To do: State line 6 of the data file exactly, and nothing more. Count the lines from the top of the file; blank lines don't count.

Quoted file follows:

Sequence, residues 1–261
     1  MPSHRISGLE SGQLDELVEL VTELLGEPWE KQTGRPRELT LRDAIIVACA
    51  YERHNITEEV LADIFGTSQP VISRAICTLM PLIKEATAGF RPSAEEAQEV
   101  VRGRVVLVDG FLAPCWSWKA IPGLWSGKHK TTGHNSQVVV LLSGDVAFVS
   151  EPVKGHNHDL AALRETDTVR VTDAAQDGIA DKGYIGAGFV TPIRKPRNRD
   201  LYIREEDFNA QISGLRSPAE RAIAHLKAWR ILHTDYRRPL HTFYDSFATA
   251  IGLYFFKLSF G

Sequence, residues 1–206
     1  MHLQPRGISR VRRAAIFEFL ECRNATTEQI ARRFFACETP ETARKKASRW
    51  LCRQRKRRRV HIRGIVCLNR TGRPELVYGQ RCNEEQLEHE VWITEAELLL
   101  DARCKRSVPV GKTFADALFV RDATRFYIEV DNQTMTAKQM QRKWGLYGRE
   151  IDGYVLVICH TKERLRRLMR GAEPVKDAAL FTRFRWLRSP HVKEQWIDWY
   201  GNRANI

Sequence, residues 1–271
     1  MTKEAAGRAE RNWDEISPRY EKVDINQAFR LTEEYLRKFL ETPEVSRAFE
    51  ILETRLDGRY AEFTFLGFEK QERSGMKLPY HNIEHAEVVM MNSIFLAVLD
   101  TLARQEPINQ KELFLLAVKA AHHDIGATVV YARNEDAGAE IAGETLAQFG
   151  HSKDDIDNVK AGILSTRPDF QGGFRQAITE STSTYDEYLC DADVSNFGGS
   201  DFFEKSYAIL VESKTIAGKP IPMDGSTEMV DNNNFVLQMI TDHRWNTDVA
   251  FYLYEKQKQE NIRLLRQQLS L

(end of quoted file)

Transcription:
   201  LYIREEDFNA QISGLRSPAE RAIAHLKAWR ILHTDYRRPL HTFYDSFATA